Lincoln University is revered in many African countries where students who graduated from our University returned home to share what they learned with their own people.  Some likewise have served in official capacities in the United Nations, as well as in other positions of power. 

Lincoln has withstood threats from outside its gates via the KKK and other hate-generated organizations.  I know this for a fact because they threatened to burn the school down during the time I was a student, and had the temerity and the gall to erect a burning cross down the road from the campus on the Baltimore Pike!!  We students took it in stride, armed ourselves, told them to bring it, and patroled the campus lest one of them decide to make good their threat.  

Lincoln has also survived those insipid enough to come to the school under the guise of leadership, thinking it could sell our legacy for a few cute words and sheckles to the highest bidder.  Maintaining its stability and integrity for 160 years has definitely not been easy especially in this age of "post racial" and the browning of those who don't want to be Black.  It's both aggravating and amusing to see the lengths to which some will go to effect their agenda.  But we didn't get 160 years by sleepwalking. 

We are looking forward from this 29th Day of April and on into the future;  and are embarking on our first ever Lincoln Alumni Summit Conference - a gathering of the Alumni who have a love for and a stake in the continued success and future of Lincoln University.

It is set for this upcoming weekend, May 2nd through May 4, and will be held at the campus, despite the fact that there is a hostile administration currently in charge of the campus.  The upcoming summit, which is being coordinated by Lincoln Graduates across the board, age spectrum, career involvement, geographical location - because we know that Alumni are forever. And if the Alumni don't take an active, hands on interest and involvement with their alma mater, it is their fault if the school falters - and we want Lincoln to be part of the legacy of our children, their children, and their children's children.  

I guess somewhere in here I should mention that as a member of Delta Sigma Theta Sorority, I am especially proud of the large population of young sorors on the campus distinguishing themselves in so many areas - but I'm just not sure where to say it.  And I would also be remiss if I don't at least wink an eye to all the Lincoln Rabble who continue to move forward and make their contribution to society. 

As a blogger, I am constantly writing about things that impact the ECLECTICALLY BLACK COMMUNITY - and Lincoln has a significant role to play.  I know that there are a zillion stories about Lincoln University that can be told in so may wonderful ways by Lincoln grads - stories that have endeared you to the school and the school to you them.  I'd like to commemorate them in an ongoing blog about who we are and what we did and why we love Lincoln.  You can email me at gloriadulanwilson@gmail.com.  And if you didn't attend Lincoln, but have a relative who did, and you want to share their story, likewise, please contact me.

I urge all my Lincoln Alumni  brothers and sisters, (and those who know them, to pass this on to them) - Urge them to attend the Summit Conference this weekend.  

This is but a small  tribute from me to Lincoln University - the little college that roars - not roared, but roars - and continues to do so.  Lincoln is not just my school, it's our school - and as the great Ossie Davis once said - "If not Us, Who?  And if not NOW, WHEN?  We are the past, present and future of Lincoln University the Mighty Orange and Blue.  It's time to let the Lions and Lionesses ROAR!!!


Stay Blessed &  
Gloria www.gloriadulanwilson.blogspot.com/ECLECTICALLY BLACK NEWS

Below is the Tentative Schedule for this weekend, which will, no doubt, be of interest on so many levels to our classmates across the board:  For more information, go on FaceBook for LU Groups call:  215-888-7712 - Darrell Braxton, Coordinator and Convener. 

Friday, May 2, 2014
6:00PM to 8:00PM Registration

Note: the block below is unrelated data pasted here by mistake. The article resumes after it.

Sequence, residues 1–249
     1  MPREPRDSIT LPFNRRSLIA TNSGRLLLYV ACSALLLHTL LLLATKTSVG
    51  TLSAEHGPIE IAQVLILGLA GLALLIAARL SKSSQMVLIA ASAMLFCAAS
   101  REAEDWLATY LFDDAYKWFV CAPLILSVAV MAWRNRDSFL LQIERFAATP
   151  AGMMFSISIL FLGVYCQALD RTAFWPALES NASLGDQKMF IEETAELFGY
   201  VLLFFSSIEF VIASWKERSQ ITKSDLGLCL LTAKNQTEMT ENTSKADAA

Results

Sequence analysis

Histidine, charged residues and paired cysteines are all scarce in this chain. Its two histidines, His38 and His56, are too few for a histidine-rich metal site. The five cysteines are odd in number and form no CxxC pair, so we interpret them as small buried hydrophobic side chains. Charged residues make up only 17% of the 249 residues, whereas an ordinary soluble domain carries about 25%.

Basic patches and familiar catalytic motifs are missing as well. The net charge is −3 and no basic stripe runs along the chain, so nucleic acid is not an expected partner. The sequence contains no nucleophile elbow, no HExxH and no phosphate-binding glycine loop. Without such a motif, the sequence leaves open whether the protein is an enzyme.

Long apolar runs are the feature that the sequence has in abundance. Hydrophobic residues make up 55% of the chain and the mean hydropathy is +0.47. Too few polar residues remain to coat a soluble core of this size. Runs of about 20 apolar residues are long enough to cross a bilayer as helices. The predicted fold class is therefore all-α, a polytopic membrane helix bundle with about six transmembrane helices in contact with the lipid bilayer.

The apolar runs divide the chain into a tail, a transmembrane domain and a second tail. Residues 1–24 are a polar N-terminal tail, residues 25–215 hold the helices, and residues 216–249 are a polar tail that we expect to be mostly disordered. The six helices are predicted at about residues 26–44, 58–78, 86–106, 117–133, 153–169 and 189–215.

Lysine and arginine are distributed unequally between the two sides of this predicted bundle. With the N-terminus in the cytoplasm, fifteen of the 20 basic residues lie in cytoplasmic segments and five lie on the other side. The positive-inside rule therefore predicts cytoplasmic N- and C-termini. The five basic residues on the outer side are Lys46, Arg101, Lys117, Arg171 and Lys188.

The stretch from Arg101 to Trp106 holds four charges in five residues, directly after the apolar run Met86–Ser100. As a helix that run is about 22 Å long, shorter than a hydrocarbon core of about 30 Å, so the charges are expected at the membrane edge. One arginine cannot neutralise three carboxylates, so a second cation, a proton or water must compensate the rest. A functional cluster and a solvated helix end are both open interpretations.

Lincoln University
Science Building Lobby

Concurrent Sessions:
7:00PM to 8:30PM Reunion Class Meetings
Science Building, Room TBD

Fraternity and Sorority Advisory Council
Science Building, Room TBD

9:00PM to 12AM Midnight Opening Reception
Hosted by the AALU Executive Committee, AALU Summit Committee and Class Reunion Representatives
Hilton Wilmington/Christiana

Saturday, May 3, 2014
7:00AM to 9:30AM Breakfast
Hilton Wilmington/Christiana or Own Your Own

8:0AM to 12:00PM Registration
Lincoln University
Science Building Lobby

8:30AM to 8:45AM About the Alumni Summit
Mr. Michael C. Taylor, Sr., Summit Chair
Science Building Auditorium

Introductions & Greetings
Mr. Robert Ingram, AALU President
Ms. Frances Paul, Class Reunion Chair
Science Building Auditorium

8:45AM to 9:15AM Presidential Remarks
Dr. Robert R. Jennings, University President
Science Building Auditorium

9:20AM to 10:15AM Opening Plenary Session
The Good, Not So Good, and the Not Not So Good About the AALU
AALU Executive Committee
Science Building Auditorium

Saturday, May 3, 2014
Concurrent Sessions:
10:30AM to 11:15AM Building Membership: One Member at a Time/Double The Members, Double The Fun
Mr. Robert Ingram, AALU President
Dr. Anne Davis, AALU Membership Chair
Science Building Auditorium

Effective Chapter Programming/Maintaining Chapter Sustainability
Science Building, Room TBD

Recruiting Students to Lincoln
Lincoln University Undergraduate Admissions Department
Science Building, Room TBD

11:30AM to 12:15PM Donating, Increasing the Alumni Giving Percentage, and Effective Communications
Ms. Cheryl Thomas, Vice President for Institutional Advancement
Ms. Rita Dibble, Director of Alumni Relations
Mr. Eric Webb, Director of Communications
Science Building Auditorium

12:30PM to 1:45PM Lunch & Keynote Address
Black Philanthropy: Time, Talent & Treasures
Dr. M. Starita Boyce Ansari
Student Union Building, 2nd Floor

2:00PM to 2:45PM Panel Discussion: Alumni Association Sustainability (Guest Speakers: Representatives From Neighboring Alumni Associations)
Science Building Auditorium

2:50PM to 3:15PM Lincoln University Heritage Initiative (LUHI) Update

Ms. Carol Black, President of LUHI
Science Building Auditorium

3:20PM to 5:00PM AALU General Body Meeting Science Building Auditorium

7:00PM to 8:00PM Alumni Reception
Student Union Building, 1st Floor

Saturday, May 3, 2014
8:00PM to 10:00PM Life Member Banquet and Awards Ceremony
Multipurpose Room, Student Union Building

All AALU Life Members
John Miller Dickey Service Award
Horace Mann Bond Award
Lion Legacy Award
Alumni Achievement Award
Alumni Trustee of the Year
AALU Chapter of the Year
AALU Chapter President of the Year
Alumni Faculty Person of the Year
Alumni Staff Person of the Year

10:00pm to 2:00AM Orange and Blue Party
Student Union Building, 1st Floor

Sunday, May 4, 2014
7:00AM to 12:00PM Breakfast
Hilton Wilmington/Christiana or Own Your Own

Concurrent Sessions:
9:45AM to 10:45AM Chapter Presidents’ Caucus
Mr. Robert Ingram, AALU President
Science Building, Room TBD

IRS Chapter Filing Requirements & Treasurer’s Report
Mr. Darrell Braxton, AALU Treasurer
Mr. John Brisco, AALU Audit Committee Chair
Science Building, Room TBD

11:00AM to 12:00PM Conclusion: AALU President’s Closing Remarks
Mr. Robert Ingram, AALU President
Mr. Michael C. Taylor, Sr., Summit Chair
Science Building Auditorium